Monday, March 4, 2024

Dense fog engulfs parts of India

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At least 12 people were killed and 38 injured in a head-on collision between a truck and a bus in Assam’s Golaghat district as a thick layer of fog shrouded parts of eastern as well as north and central India on Wednesday, reducing visibility.
Delhi experienced a bone-chilling cold on Wednesday, with the city’s maximum temperature dropping to 15.7 degrees Celsius, four notches below the normal.
Safdarjung, Delhi’s main weather station, recorded a visibility of 200 metres at 8.30 am, while the minimum temperature was recorded at 7.3 degrees Celsius, below the normal for the season’s average.
The Indian Railways said 26 Delhi-bound trains were delayed by one to six hours due to fog.
According to the India Meteorological Department (IMD), “very dense” fog is when visibility is between 0 and 50 metres, 51 and 200 metres is “dense”, 201 and 500 “moderate”, and 501 and 1,000 “shallow”.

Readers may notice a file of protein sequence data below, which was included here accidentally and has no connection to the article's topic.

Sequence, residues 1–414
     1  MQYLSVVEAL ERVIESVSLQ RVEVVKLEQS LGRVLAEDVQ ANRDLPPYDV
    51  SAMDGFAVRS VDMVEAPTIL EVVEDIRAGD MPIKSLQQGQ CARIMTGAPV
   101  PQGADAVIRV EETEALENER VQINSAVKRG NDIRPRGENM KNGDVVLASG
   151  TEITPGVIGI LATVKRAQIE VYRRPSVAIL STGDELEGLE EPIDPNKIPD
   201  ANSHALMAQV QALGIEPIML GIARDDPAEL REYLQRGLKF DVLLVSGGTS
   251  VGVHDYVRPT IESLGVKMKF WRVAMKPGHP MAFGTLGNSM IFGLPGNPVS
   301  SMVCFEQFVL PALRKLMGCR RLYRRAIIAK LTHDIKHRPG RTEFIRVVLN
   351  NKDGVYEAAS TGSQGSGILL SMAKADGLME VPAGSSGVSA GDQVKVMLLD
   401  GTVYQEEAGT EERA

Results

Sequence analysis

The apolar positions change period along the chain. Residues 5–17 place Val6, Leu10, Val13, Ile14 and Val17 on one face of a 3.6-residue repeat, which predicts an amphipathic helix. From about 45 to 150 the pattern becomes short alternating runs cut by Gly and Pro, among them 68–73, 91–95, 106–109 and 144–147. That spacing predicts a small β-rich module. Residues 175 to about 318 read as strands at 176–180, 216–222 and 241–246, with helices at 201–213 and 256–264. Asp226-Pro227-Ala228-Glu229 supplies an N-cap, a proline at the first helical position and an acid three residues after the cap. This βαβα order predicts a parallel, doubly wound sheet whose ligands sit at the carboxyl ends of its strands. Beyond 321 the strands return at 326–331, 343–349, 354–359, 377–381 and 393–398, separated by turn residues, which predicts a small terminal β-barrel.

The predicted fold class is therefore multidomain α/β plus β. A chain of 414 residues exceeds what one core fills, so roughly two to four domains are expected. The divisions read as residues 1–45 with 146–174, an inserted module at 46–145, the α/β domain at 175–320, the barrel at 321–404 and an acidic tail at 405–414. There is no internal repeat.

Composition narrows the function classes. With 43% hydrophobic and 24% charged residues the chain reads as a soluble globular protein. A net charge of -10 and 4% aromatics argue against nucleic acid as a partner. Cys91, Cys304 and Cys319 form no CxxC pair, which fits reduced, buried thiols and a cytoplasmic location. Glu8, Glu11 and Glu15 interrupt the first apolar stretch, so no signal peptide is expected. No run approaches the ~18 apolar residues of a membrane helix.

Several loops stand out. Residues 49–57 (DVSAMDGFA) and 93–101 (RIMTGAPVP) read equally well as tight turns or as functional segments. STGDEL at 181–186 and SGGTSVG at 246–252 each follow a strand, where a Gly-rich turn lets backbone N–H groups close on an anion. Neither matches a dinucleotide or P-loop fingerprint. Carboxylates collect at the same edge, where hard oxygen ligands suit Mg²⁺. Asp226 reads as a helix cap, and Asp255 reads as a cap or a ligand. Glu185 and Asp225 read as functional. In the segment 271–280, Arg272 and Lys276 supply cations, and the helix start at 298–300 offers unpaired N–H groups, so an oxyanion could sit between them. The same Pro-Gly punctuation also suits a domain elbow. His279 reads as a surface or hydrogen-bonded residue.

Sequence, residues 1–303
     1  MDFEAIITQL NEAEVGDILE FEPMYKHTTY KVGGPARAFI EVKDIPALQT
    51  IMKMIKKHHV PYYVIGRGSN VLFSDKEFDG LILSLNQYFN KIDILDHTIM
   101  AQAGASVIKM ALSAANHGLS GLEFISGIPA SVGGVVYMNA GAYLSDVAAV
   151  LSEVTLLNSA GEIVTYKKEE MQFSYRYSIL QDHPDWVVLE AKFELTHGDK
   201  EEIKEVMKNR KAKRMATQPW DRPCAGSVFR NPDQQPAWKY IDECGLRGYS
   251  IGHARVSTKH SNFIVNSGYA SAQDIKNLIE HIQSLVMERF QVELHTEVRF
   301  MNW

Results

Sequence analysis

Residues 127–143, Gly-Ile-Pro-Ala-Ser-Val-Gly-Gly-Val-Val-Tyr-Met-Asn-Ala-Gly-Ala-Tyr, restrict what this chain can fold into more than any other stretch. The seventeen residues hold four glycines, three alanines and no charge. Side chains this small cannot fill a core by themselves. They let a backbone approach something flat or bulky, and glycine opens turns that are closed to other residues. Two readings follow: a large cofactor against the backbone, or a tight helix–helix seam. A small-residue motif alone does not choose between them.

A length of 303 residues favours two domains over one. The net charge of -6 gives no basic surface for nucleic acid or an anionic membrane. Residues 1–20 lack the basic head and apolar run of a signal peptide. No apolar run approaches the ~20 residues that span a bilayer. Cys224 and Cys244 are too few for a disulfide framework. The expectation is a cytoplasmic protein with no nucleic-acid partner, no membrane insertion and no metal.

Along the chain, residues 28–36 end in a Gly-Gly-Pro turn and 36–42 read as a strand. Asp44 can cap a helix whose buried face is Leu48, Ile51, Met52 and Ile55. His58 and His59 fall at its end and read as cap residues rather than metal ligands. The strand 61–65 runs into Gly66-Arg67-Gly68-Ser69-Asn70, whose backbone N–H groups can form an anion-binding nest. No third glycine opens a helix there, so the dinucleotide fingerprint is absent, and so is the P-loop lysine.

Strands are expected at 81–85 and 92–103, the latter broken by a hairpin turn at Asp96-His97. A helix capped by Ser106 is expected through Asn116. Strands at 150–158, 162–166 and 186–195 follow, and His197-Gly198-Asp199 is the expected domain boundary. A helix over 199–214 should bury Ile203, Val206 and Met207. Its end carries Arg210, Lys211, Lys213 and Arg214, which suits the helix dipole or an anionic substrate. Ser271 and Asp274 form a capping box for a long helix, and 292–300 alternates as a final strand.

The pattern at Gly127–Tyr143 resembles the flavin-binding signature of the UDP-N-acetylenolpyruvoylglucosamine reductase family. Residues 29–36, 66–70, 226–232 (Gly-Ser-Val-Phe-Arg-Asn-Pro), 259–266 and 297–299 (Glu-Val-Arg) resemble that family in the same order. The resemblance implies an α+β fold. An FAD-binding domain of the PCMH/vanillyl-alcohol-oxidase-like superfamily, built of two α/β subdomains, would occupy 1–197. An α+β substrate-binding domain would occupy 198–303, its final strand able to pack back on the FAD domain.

Golaghat District Commissioner P Uday Praveen said the collision between the coal-laden truck and the bus with 49 people on board took place at Balijan near Dergaon on National Highway-715.
Assam Transport Minister Parimal Suklabaidya ordered an inquiry into the accident, and asked top officials of his department to reach the accident spot in Golaghat district to extend all possible assistance.
“A probe will reveal whether there was proper signage on the road We will take necessary steps and if needed, file an FIR against the responsible persons,” he said.
According to an official from the Dergaon Police Station, the bus, which was on its way to Tilinga Mandir in Tinsukia district for a picnic, collided with the truck around 4.30 am.
“The truck was coming from the direction of Jorhat and on the wrong side, as a portion of the four-lane highway was damaged. The bus was on the right track. There was fog and both the vehicles were speeding,” he said.